Dangerous but valuable – a battery for a vehicle always has a limited lifespan. Modern materials are extending this voltage more and more. Generally, two to three new batteries can be expected in the course of a car’s life. Since vehicle batteries contain hazardous substances such as lead or sulfuric acid, they must be disposed of professionally. Legislation has established a deposit system for this purpose, which is intended to support environmentally friendly replacement. Here we inform you about how to dispose of an old car battery.
motorcycles, cars and trucks with internal combustion engines have so-called "lead batteries". These are used to store the current produced by the alternator while driving and to supply the starter motor when the car is started. They also serve as a voltage buffer, so that the correct voltage always reaches the respective consumers, even when the alternator is running at different speeds. After all, it supplies the on-board electronics of a car even when the engine is not running: lights, indicators, radio, interior lighting are kept in operation by the battery for several hours, even when the engine is off.
Structure of the battery
A battery or. Lead acid battery in a vehicle consists of:
- A plastic casing
- Multiple chambers
- Lead plates
- If necessary. Screw caps
- Two poles
The acid-resistant plastic housing usually reliably holds the acid inside the battery for its entire service life. Only in case of accidents it can crack or break. Otherwise, the manufacturers are now very reliable in this respect.
The chambers indicate how high the voltage is that a battery can offer. The following always applies: two volts of voltage are provided per chamber. A moped battery with three chambers has correspondingly 6 volts, a car battery with 6 chambers has always a 12 volts voltage and truck batteries are usually equipped with 12 chambers, which can deliver correspondingly 24 volts. However, the 12 volt voltage is only a theoretical and somewhat outdated value. Today, the normal nominal voltage of a battery is always 14.4 volts.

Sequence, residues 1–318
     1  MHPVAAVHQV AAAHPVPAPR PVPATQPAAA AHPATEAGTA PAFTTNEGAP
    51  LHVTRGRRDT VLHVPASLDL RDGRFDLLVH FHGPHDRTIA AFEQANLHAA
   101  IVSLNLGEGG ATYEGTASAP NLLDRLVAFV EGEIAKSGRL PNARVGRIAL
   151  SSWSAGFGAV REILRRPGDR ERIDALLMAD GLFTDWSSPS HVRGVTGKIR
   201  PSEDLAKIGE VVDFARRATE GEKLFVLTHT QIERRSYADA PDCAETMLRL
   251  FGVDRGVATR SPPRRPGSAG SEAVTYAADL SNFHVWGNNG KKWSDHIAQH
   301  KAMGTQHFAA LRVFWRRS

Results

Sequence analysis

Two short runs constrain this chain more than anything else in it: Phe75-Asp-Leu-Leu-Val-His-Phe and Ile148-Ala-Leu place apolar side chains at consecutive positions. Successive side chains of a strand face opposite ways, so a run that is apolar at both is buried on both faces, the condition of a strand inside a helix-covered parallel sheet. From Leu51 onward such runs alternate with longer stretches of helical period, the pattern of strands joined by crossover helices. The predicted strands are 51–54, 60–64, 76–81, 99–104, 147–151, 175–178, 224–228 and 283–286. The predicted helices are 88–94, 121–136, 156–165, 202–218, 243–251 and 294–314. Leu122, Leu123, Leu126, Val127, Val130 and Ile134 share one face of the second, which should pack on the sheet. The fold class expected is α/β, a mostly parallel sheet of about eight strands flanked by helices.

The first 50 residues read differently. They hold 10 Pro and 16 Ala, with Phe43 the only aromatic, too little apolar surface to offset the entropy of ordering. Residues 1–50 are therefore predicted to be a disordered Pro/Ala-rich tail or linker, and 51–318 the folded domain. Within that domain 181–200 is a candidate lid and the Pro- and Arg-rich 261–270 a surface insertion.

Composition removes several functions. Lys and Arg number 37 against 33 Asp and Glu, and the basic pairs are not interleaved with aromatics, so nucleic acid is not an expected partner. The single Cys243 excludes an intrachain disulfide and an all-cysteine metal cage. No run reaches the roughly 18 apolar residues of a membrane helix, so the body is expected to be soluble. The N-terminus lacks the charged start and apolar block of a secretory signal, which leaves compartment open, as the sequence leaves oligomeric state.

The electric current enters the battery through the so-called "electrolysis process". Current flows from the alternator through the poles into the lead plates and the acid. The acid is charged with free electrons that can be retrieved at any time. To prevent the battery from "overcharging", the alternator is equipped with a regulator that stops charging when the battery’s nominal voltage is reached.
Batteries can suffer damage from four causes in addition to violence:
- Deep discharge
- Short circuit
- Drying out
The permanent charging and discharging process forms so-called "lead crystals" inside the battery. These sit loosely on the lead plates and over time can sink down into the bottom of the battery. When the layer of lead crystals has grown to the point where it reaches the plates, the cell is short-circuited. The battery is then usually unusable.
Deep discharge occurs when the battery is not charged for several months. This can happen quickly, especially with vehicles in storage. A cold outside temperature further promotes deep discharge. But do not be deceived: a battery is already considered damaged and deep discharged when the nominal voltage is lower than 11.8 volt has fallen!
Another cause of deep discharge is when consumers are operated with the engine stopped until the battery is too discharged. In the past, this was often the case with the vehicle lighting. Today, a deeply discharged battery is no longer necessarily irrecoverably lost. For some years now, the industry has been offering chargers that can be used to repair deep-discharged batteries. Repairability is still within a narrow range here, but it is worth trying in any case. All well-stocked car repair shops, especially those of the well-known chains, offer this service for little money.
A short-circuit between the poles is very unusual in itself, but can easily happen when handling tools with the hood open. If, for example, a wrench accidentally falls between the poles, a short circuit can occur. Usually the battery acknowledges this with a bang and the key flies away. However, the battery may have been damaged beyond repair. If the short circuit remains switched for too long, there is a risk of fire and explosion! For this reason, the positive terminal of the battery must always be covered.
A battery always needs a certain level of dissolved acid. With older and sometimes still very cheap batteries today, the acid level must still be checked regularly. However, most new batteries today are maintenance-free. If the acid level needs to be topped up, use only distilled water. After filling and charging, the battery is usually repaired if it dries out.
Replacing a car battery